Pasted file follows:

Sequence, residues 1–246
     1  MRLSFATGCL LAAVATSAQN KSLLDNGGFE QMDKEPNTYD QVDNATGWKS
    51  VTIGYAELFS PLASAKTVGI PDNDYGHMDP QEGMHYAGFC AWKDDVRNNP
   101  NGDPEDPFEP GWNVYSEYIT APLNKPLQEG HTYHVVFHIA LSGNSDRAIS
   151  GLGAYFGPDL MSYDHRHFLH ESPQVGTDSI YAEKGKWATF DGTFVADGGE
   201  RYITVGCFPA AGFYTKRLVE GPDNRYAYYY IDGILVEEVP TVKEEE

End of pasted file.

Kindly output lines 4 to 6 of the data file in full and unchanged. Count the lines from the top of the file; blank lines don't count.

   101  NGDPEDPFEP GWNVYSEYIT APLNKPLQEG HTYHVVFHIA LSGNSDRAIS
   151  GLGAYFGPDL MSYDHRHFLH ESPQVGTDSI YAEKGKWATF DGTFVADGGE
   201  RYITVGCFPA AGFYTKRLVE GPDNRYAYYY IDGILVEEVP TVKEEE